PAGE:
After a week without sugar, the Portland ReDirect Guide staff decided to continue our inspired-by-SansLux experience by avoiding acquiring any plastic. In staff meeting Monday morning it seemed easy enough. We already compost food scraps on site in our own office composter and reduce and reuse whenever possible. We take computers to e-cyclers and other hard-to-recycle items to the appropriate recycling centers. Surely we were fairly eco-conscious folks, we reasoned. Avoiding purchasing plastic should be second nature by day two of the challenge.
Our first attempt lasted precisely until lunch time, when two of us unwittingly came back from New Seasons with plastic – the first item was a carton with a tiny cap, and the second a soup container with a plastic lid. Neither one of our coworkers had realized what they were purchasing and were mildly surprised at how unconsciously they acquired it. Later in the day, Heather realized she was out of shampoo but couldn’t purchase a new bottle until the end of our challenge, and other coworkers commented on how avoiding acquiring plastic would impact their takeout plans. The challenge was shaping up to be a lot trickier than we first thought.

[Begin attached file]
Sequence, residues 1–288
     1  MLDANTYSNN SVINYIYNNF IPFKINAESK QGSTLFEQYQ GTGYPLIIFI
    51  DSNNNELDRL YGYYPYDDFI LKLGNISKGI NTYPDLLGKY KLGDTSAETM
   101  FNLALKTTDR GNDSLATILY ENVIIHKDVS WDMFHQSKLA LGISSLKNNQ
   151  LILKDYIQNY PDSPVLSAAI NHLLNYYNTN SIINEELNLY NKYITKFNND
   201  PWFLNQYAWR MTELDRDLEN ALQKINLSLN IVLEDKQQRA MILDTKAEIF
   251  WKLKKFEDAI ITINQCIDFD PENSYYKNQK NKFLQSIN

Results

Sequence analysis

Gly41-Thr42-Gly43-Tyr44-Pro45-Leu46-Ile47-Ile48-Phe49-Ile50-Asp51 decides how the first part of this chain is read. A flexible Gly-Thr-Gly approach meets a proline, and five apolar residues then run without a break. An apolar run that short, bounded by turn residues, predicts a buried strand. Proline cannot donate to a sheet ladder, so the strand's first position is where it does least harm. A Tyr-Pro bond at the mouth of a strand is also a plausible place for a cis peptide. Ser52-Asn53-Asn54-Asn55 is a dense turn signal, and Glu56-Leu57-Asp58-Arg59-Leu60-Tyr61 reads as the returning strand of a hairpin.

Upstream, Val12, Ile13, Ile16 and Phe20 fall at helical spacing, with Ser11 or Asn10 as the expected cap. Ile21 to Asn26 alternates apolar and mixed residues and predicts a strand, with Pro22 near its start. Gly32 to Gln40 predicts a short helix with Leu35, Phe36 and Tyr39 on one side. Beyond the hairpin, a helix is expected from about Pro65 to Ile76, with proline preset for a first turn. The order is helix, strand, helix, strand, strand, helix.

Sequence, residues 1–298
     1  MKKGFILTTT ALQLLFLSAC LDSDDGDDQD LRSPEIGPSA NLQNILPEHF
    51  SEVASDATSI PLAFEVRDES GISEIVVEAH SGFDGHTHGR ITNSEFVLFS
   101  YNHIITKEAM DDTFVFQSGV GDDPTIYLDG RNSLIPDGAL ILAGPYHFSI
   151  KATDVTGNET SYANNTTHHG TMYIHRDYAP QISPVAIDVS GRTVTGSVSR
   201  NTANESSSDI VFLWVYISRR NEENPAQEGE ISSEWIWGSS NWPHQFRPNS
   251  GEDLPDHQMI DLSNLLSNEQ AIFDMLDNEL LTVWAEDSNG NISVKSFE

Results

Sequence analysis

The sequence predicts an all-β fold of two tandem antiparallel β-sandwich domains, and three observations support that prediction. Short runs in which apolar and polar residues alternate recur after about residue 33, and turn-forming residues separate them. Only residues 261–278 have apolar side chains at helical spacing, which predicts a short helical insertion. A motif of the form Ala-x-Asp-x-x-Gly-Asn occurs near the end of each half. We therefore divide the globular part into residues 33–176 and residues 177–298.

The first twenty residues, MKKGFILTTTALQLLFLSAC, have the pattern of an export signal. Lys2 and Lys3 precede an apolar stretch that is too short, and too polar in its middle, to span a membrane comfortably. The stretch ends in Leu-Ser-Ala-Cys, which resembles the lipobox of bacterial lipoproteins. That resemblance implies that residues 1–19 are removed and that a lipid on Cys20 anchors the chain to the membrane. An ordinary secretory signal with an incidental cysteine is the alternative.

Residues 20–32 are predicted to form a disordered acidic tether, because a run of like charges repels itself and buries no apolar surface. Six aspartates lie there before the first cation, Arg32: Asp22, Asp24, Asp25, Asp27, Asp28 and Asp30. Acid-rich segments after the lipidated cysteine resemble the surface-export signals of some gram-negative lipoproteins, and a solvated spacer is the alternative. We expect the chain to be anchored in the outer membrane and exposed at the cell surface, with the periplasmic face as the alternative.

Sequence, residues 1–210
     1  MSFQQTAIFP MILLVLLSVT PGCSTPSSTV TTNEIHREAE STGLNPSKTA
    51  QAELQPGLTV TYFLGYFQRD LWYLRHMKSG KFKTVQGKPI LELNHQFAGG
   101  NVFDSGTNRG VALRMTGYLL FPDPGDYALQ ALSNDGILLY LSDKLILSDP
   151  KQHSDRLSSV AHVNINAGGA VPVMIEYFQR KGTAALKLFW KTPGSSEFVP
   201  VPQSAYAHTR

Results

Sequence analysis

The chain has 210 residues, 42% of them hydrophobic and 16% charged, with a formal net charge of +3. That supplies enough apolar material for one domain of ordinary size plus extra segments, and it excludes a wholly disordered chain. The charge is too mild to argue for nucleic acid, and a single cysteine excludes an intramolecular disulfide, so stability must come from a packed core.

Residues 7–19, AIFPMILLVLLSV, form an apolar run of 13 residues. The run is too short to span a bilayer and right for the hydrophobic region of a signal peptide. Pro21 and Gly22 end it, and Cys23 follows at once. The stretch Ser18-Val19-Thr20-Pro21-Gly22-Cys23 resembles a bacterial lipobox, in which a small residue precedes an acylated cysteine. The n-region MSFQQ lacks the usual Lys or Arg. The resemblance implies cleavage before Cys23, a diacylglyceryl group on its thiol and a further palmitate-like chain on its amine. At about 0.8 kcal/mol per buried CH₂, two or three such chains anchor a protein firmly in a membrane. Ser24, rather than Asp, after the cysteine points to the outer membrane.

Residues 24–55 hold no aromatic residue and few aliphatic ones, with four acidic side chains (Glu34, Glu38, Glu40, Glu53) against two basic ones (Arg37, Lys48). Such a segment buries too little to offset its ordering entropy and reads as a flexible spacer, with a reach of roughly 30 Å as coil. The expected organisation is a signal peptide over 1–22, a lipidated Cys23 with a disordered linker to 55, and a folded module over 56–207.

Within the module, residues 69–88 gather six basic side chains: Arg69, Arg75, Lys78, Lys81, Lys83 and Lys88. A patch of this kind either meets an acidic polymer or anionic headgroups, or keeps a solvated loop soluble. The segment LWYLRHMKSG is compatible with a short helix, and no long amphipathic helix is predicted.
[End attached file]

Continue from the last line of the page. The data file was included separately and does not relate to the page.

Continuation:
We knuckled down with renewed commitment, double-checking every purchase, bringing glass jars to buy bulk food at the grocery store and requesting compostable containers when available. At a Thai restaurant later in the week, Heather requested that the waiter avoid putting her leftovers in plastic and was thrilled when he reappeared with cardboard takeout boxes in a paper bag. However, upon arriving home and inspecting the contents of the sack, she was dismayed to find the restaurant had included condiments in small plastic containers.
“People concerned about the environment rightly point out the problem of plastic water bottles, but that’s only one small piece of everything plastic that we consume,” Heather mused toward the end of the week as we discussed how many things we had put off purchasing because of plastic.
At the end of the week, many of us were relieved to have the burden of avoiding acquiring plastics lift from our shoulders, but it was replaced by increased awareness about just how difficult it is to avoid the substance. However, by examining our acquisition patterns during the week, we agreed we had developed some new habits that would allow us to continue to reduce our overall consumption of plastic.